And looking at what type of multimedia each group supplied didn’t help my thoughts. The Plain Dealer staff offered either a slide show or high-definition picture on the issue and placed a 200-word article below the images. The two AP articles averaged around 900-words each with no pictures. And the Wire Services provided 650-word articles with a small photo: from the AP.
It's great that the publishing supervisors send out at least one article to the public once a day. And yes, I did say that TPD needed more stories covered by its own people. But I'd also suggest to the individuals who run the site that they need a different approach. Going out and getting the information yourself is one thing. But something tells me that the source went out, grabbed the background story from a particular news agency, and put its own news source's name on it. Be careful, The Plain Dealer.
Ah, Facebook: the main source of social media today. And like other news sources registered with the site, cleveland.com takes a piece of the promoting action. Editors post new articles for its Ohio audience at least every hour, and for good reason. It's a new era: readers today skip the actual website, go to Facebook, and catch their updates there. The comments and "like"'s usually follow. But the days I looked at the site, my prediction of such feedback backfired.
I decided to act like a regular reader and scrolled down through each post. What sparked my interest was the lack of comments and likes found on breaking news or regular news posts. Cleveland needs feedback for problems that affect the state or the world. But no. Instead, commenters didn't really comment on any other post other than those related to sports. And I also noticed that the main content that Ohio's page posted was sports. Chunks of "other" content clustered around each other made it apparent that no one cared that much about anything else.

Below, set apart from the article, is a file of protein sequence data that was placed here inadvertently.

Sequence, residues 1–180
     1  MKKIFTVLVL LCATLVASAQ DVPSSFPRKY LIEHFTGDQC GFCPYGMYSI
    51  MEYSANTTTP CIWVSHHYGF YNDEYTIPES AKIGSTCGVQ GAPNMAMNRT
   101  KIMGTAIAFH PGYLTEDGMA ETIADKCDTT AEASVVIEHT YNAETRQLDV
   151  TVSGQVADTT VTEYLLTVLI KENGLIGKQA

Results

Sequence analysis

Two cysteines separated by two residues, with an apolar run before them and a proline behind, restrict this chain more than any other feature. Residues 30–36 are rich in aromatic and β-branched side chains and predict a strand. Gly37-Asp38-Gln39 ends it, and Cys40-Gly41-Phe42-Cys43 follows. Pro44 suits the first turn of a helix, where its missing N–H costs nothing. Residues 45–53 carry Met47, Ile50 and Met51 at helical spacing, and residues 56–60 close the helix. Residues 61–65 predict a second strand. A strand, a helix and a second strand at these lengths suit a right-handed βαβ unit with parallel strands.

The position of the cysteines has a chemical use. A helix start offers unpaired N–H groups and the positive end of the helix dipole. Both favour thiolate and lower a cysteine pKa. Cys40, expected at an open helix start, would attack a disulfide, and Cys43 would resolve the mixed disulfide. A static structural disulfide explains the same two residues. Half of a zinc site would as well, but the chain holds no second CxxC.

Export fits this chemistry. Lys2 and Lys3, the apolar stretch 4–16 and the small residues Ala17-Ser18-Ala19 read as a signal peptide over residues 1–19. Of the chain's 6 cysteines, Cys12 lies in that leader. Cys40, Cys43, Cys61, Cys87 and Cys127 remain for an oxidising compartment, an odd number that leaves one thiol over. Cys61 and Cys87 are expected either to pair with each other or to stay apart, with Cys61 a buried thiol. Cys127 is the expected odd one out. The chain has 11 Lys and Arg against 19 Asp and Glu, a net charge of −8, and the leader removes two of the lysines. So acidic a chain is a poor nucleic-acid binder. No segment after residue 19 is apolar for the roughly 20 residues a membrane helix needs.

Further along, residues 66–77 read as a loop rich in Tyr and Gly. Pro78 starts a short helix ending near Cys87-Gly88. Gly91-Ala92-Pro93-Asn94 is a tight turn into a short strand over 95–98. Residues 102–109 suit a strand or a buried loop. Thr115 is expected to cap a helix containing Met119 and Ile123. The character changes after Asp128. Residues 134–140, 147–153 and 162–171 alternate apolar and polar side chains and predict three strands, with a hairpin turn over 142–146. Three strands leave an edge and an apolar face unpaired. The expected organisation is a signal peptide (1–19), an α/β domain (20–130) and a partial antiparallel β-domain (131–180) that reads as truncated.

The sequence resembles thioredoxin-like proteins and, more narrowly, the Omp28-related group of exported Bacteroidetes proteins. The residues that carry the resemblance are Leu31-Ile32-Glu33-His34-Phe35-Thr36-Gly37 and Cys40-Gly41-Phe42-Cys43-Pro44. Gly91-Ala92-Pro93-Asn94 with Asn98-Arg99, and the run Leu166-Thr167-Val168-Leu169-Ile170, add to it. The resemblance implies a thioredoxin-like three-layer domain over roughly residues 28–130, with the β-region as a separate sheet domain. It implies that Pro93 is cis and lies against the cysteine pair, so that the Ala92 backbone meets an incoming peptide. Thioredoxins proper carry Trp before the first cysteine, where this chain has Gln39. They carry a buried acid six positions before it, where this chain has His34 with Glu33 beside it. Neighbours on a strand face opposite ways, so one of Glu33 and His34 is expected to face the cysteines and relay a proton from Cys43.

I rolled my eyes. So much for not covering anything sports-related this week. The page made it clear that that wasn't an option. Readers dodged stories like a prosecutor's office and either typed in enthusiasm toward the Cavaliers or liked shared stories about the Ohio State Buckeyes. I understand you people like basketball. But come on.
But then I saw the article about "Terry Pluto's Blog: Tribe scribbles from Goodyear, where the sun has been shining on the Tribe." It's a piece on baseball: one like. A "Now is the time to impact our children's mental health: Lynn Barabach" post appears Saturday. No likes on Facebook's page.
The Plain-Dealer isn't a popular news site, but it's still a site for all news. Not just sports-related news, but issues that the community really needs more of a focus on. TPD needs a new strategy to make such stories more interesting. How that can happen is the question. I suggest finding some stories that mix sports and important
issues together. Focus on local basketball and how they relate to the mental health issues: anything to get someone to reflect.
By Casby Bias
If you’ve lived on Earth for even a small period of time, you should know that there is a big drive toward multimedia, especially videos. Unlike newspapers or magazine articles, the clips provide a format where you don’t have to think too hard to come up with engaging characters and visual imagery: they’re right there in front of you. And The Plain-Dealer definitely served up its own combinations. But if the event wasn’t happening in Cleveland, the audiovisuals came from other website sources.
I’d say thumbs up to the online newspaper for the films in general. From what I’ve noticed, editors placed breaking news coverage stories usually on the front page in the right-side column with the title of “Featured Multimedia.” You’d find pictures as well, but the video was where everything was at. Take for example one article I read about the recent Virginia Rape Case of a 16-year-old girl. The writers did not supply a lot of content, but, then again, they didn’t need to. The videos from an attributed site said everything. I compliment the site for putting the clips up with HD features. You could see the passion of apologizes, the emotion and breaking down of the individuals in court. Whoever made the videos tried to get as close and all up in the victims’ faces as they could. I just wish that TPD uploaded its own videos, but I’m glad the staff took the time to find qualitative clips.